Academic journal article The International Journal of Business and Finance Research

A Comparison of Credit Risk Management in Private and Public Banks in India

Academic journal article The International Journal of Business and Finance Research

A Comparison of Credit Risk Management in Private and Public Banks in India

Article excerpt


Like other corporations, banks want to create value and seek ways to control risk while aiming to enhance productivity and performance. This is achieved by granting credits to customers from the money deposited by the depositor, thus placing them at risk in the case of defaulting. Despite this risk, banks must continually issue credit since it is the key source of its profitability. This research study assesses the impact of credit risk management on Indian public and private banks during the 2009-2012 period. Using pooled OLS, fixed effects and random effects, the study examines credit risk management in seven private banks and seven public banks. The results show that private banks are more capitalized and more profitable than public banks. In addition, in both cases asset quality measured using non-performing assets with negative coefficients significantly influenced bank profitability. The study extrapolates the importance of regulatory capital and the importance of risk management in ensuring stability in the financial industry.

JEL: G02, G18

KEYWORDS: Capital Adequacy, Non-Performing Assets, Performance, Net Interest Margin

(ProQuest: ... denotes formulae omitted.)


During the last thirty years, the world has experienced a number of financial and banking crises. Most of these crises occurred in developing countries. The dominant crises corresponded to deregulatory processes that forced extension of credit in short timeframes. Continuous rises in asset prices in the long run precipitate bubbles. Ultimately, bankruptcies resulted from non-performing loans, leading to acute banking crises and credit losses. Over the last five years, the banking sector has undergone great metamorphosis as a result of the financial crisis of 2008. There is more emphasis on not only capital adequacy, but also on moral hazard. The global bailout of banks was a major paradigm shift, with taxpayers stepping in to rescue banks as a result of their short-term profits or bonuses. The argument for the bailout is that banks play a significant role of intermediation in the economy.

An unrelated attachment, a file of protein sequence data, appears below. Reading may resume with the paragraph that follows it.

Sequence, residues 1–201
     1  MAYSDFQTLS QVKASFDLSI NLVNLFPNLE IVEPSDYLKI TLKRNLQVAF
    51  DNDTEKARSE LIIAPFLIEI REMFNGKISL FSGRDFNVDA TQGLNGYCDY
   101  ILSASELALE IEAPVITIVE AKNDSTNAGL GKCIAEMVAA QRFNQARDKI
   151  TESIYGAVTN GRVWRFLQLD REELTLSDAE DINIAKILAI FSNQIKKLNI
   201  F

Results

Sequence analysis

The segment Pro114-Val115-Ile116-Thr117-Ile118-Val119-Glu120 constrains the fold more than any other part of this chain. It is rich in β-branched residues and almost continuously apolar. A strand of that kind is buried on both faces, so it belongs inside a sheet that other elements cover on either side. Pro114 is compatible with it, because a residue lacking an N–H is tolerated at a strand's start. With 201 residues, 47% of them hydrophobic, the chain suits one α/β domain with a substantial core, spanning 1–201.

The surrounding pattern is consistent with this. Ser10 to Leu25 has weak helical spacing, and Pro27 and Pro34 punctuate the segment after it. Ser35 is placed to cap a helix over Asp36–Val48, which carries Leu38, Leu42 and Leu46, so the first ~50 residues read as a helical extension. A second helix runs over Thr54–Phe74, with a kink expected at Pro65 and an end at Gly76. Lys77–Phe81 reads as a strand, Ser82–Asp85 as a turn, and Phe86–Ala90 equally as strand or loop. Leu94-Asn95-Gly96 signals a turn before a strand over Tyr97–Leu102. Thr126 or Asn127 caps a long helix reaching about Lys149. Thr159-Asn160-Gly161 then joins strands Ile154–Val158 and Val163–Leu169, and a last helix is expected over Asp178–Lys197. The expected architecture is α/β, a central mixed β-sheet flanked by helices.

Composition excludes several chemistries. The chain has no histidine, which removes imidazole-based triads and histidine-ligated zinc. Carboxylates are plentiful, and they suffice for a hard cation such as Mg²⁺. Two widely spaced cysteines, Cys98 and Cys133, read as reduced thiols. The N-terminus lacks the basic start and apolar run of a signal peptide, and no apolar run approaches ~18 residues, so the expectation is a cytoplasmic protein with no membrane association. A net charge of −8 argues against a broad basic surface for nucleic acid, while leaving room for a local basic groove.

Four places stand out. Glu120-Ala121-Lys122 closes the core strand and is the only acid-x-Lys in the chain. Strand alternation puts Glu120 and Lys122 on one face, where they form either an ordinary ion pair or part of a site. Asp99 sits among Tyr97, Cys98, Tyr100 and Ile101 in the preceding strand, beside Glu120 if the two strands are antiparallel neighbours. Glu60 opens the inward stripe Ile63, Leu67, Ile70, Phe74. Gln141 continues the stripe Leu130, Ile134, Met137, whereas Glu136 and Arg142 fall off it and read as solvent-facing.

Significant reforms have been suggested in response to banking crises. For instance, Basel I, and Basel II and Basel III represent the banking supervision accords proposed by the Basel Committee (Felix and Claudine, 2008). The Basel Accord implemented a framework in 1988 by G-10 central banks focusing on credit risk and safe banking. The Reserve Bank of India (RBI) issued a guideline on credit risk management in 2002 per international law. Basel I played a critical role in strengthening the financial system, through several measures like weak incentives and deficiency of risk management. As a result, Basel II sought to reveal banks' fundamental risk exposure and response to financial innovation like securitization. Paradoxically, the incidence of crisis did not decline despite the introduction of succeeding development.

The recent international financial crisis signifies that risk management in banking sectors is significantly inadequate. The drive for globalization, innovation and financial deregulation has not eliminated credit risk even if the off-balance and market risk hold more interest in the wake of the disruption to the global financial markets (Paradi et al. 2012). Thus, credit risk is still the greatest concern to banking authorities and regulators. There is huge economic impact that is linked with bank failure because of the ripple effects that spread from banking to other sectors of the economy. Therefore, credit risk management is an issue of great value given that the core function of every bank is credit granting. The character of the banking sector has been so perceptive since more than 85% of their liability is deposits (Saunders & Cornett, 2005), and banks mobilize these deposits to credit for borrowers, which in fact is an income-generating function of banks. Besides all other services, bank must generate credit for customers to make money, enhance growth and remain competitive in the market. …

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